Theodore J. Cicero, PhD
Professor, Vice Chairman for Research
Education and Training
Undergraduate: 1964; B.Sc. (Hons), Psychology, Villanova University
Graduate: 1966; M.S., Physiological Psychology, Purdue University
Postgraduate: 1969; Ph.D., Neuropharmacology, Purdue University
1968-1970; Postdoctoral Fellow in Neurochemistry,
Washington University School of Medicine,
Department of Psychiatry
2010 Nathan B. Eddy Award
Areas of Research Interests
One of the most important research emphases of Dr. Cicero’s is the role of endogenous opioid peptides (EOP) in the control of hypothalamic-pituitary function – especially in the release of hypothalamic releasing factors. These interactions are crucial, and endocrine changes associated with drugs of abuse, particularly the opioids, are now recognized as a pivotal aspect of their acute and chronic effects. For example, Dr. Cicero was the first to show that morphine suppresses testosterone production in the male rat, which he later confirmed in humans in a 1976 New England Journal of Medicine article. It should be stressed that in this pivotal New England Journal of Medicine study, he conclusively established for the first time that males maintained on chronic opioid treatment were hypogonadal. The latter condition is now, 32 years later, recognized not only as a common side effect of chronic opioid treatment in humans, but also as a major factor in break-through pain, the development of tolerance and physical dependence and the neurobiological correlates of pain. The latter areas are under active investigation.
He was also one of the first to demonstrate that paternal ingestion of drugs - alcohol and morphine - influenced the development and maturation of their offspring. The only explanation for this phenomenon was that the function of sperm had in some way been affected. The most obvious possibility was that the expression of genes was affected in some way, and this was postulated by his group in 1988. However, this flew in the face of conventional wisdom which posited that such “Lamarckian” charges in DNA expression did not occur. Interestingly, 15 years later, it has been shown in several landmark studies that environmental toxins and drugs influence the methylation of DNA, a process which influences gene expression. This launched the new field of “epigenetics” and Dr. Cicero’s research in the late 1980s is uniformly cited as the original observations documenting epigenetic processes. He is presently actively re-engaging in this research and exploring the molecular genetics of this phenomenon.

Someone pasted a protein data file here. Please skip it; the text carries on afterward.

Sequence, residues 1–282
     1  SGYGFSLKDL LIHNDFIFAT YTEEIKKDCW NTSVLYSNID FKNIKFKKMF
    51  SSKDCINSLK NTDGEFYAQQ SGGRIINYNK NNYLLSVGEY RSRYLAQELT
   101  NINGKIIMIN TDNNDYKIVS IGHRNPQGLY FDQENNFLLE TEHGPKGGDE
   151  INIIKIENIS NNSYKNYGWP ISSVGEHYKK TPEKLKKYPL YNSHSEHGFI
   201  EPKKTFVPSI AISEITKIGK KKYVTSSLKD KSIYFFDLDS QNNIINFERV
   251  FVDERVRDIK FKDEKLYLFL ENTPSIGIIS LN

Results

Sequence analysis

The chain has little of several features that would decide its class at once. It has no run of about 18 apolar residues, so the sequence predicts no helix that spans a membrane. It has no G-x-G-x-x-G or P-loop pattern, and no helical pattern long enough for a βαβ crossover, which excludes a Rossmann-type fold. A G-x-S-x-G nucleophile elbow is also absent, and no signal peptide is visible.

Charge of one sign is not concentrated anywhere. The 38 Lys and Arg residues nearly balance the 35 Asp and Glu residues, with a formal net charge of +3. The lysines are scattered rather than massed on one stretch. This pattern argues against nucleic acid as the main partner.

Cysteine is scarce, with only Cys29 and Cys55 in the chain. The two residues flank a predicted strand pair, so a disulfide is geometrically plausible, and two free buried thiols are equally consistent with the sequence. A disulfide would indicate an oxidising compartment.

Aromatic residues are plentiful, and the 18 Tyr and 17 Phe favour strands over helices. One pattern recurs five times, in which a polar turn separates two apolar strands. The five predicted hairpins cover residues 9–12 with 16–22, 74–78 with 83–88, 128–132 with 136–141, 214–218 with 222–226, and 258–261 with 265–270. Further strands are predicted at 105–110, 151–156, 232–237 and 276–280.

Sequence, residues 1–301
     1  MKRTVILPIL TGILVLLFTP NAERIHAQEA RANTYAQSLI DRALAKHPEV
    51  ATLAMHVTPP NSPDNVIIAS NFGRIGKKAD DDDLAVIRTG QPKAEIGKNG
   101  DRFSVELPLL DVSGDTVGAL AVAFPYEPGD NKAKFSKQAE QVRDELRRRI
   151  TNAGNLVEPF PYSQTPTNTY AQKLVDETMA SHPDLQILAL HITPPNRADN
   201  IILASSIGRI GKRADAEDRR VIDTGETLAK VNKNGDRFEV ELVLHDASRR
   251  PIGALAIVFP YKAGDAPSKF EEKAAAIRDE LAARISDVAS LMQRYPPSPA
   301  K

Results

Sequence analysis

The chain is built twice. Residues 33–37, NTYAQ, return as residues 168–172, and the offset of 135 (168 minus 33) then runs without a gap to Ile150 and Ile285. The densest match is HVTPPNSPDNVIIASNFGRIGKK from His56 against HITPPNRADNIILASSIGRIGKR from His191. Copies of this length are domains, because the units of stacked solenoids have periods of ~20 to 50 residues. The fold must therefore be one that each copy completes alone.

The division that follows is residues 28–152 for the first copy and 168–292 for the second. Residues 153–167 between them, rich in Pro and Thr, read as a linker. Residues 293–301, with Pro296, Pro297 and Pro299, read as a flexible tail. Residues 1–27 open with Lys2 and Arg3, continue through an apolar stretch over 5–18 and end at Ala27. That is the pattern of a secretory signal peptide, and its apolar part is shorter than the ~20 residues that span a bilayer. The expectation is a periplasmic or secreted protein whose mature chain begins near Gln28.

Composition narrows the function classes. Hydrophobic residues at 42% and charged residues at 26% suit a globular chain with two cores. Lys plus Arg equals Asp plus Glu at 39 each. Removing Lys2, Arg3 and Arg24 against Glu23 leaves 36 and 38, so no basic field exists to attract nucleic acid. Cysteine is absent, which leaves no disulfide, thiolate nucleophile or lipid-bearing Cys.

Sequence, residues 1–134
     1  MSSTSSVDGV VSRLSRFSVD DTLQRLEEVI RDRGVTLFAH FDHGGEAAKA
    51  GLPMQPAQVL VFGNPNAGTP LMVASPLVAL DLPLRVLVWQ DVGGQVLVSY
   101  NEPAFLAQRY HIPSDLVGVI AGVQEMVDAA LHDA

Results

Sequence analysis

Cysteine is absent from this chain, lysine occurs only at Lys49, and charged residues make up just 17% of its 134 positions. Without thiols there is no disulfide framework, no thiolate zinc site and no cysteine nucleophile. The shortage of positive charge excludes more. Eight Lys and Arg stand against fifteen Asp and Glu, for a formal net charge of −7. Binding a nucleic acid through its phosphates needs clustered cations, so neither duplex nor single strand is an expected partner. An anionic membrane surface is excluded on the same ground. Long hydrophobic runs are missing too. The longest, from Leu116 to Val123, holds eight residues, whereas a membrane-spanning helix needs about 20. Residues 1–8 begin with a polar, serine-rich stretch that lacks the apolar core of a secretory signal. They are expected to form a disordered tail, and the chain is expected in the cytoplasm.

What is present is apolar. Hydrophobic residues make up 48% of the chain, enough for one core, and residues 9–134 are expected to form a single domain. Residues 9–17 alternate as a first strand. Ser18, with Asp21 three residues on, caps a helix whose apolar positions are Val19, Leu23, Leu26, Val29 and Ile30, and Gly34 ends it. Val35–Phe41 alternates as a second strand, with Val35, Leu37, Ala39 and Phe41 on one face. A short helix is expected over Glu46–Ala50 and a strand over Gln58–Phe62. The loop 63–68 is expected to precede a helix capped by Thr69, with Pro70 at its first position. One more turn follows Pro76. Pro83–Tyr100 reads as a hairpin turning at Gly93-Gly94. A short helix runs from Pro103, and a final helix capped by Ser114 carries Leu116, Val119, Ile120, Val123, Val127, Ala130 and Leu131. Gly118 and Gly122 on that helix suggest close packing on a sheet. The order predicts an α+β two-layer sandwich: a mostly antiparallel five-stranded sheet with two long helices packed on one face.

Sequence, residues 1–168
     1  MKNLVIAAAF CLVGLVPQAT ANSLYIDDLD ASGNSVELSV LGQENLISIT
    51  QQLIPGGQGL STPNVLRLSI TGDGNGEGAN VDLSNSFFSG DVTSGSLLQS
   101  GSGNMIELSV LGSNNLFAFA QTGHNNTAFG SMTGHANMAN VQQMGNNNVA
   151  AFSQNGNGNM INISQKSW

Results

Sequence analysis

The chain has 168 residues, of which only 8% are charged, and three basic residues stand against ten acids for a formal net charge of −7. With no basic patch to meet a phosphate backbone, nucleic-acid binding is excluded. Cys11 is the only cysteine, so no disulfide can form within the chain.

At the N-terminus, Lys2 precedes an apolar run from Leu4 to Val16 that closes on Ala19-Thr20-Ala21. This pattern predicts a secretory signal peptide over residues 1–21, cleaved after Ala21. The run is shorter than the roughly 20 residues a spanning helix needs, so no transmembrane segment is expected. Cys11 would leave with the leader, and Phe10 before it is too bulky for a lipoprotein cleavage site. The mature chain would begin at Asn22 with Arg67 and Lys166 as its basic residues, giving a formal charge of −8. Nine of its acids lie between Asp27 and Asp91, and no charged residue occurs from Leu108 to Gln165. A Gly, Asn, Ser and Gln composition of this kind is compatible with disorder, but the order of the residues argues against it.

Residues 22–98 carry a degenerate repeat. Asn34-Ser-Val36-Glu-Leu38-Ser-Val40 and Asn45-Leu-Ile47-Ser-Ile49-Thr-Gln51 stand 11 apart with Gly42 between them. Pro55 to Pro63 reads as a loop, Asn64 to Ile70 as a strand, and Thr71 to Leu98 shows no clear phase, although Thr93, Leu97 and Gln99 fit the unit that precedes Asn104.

Finally, Dr. Cicero is engaged in several post-marketing surveillance programs to assess the abuse of newly marketed opioid drug preparations. Although these surveillance programs are an essential aspect of the approval of all drugs with abuse potential and are therefore extremely important in their own right, Dr. Cicero has extended their significance by his most recent research in which he has identified risk factors for the abuse of prescribed opioid analgesics. He has found in two recent articles, both of which prompted recognition as the lead articles in their respective journals (Pharmacoepidemiology & Drug Safety and Pain), for which accompanying editorials were written, examining: first, the relationship between therapeutic exposure to opioids and their abuse; and, second, co-morbid factors in those abusing their opioid analgesics. The latter finding will help identify patients who might be at risk for abuse which will hopefully reduce so-called iatrogenic dependence (physician-induced dependence). Studies of co-morbidity in substance abusers are ongoing in his research program.
Cicero TJ, Nock B, Meyer ER: Gender-related differences in the antinociceptive properties of morphine. J Pharmacol Exp Ther 1996; 279:767-773.
Cicero TJ, Nock B, Meyer ER: Sex-related differences in morphine's antinociceptive activity: Relationship to serum and brain morphine concentration. J Pharmacol Exp Ther 1997; 282:939-944.
Broadbear JH, Winger GD, Cicero TJ, Woods JH: The effects of self-administered cocaine on plasma ACTH and cortisol in male rhesus monkeys. J Pharmacol Exp Ther 1998; 289:1641-1647.
Cicero TJ, Ennis T, Ogden J, Meyer ER: Gender differences in reinforcing properties of morphine. Pharmacology biochemistry and Behavior 2000; 65(1):91-96.
Funded Research Projects
NIDA(PI):Biomedical Research Training in Drug Abuse
NIDA(Key Personnel):Prescription Drug Misuse, Abuse and Dependence
NIDA(Key Personnel):Understanding the Scope and Magnitude of Prescription Drug Diversion
Barnes-Jewish Hospital Foundation(PI):Characteristics of Prescription Drug Abusers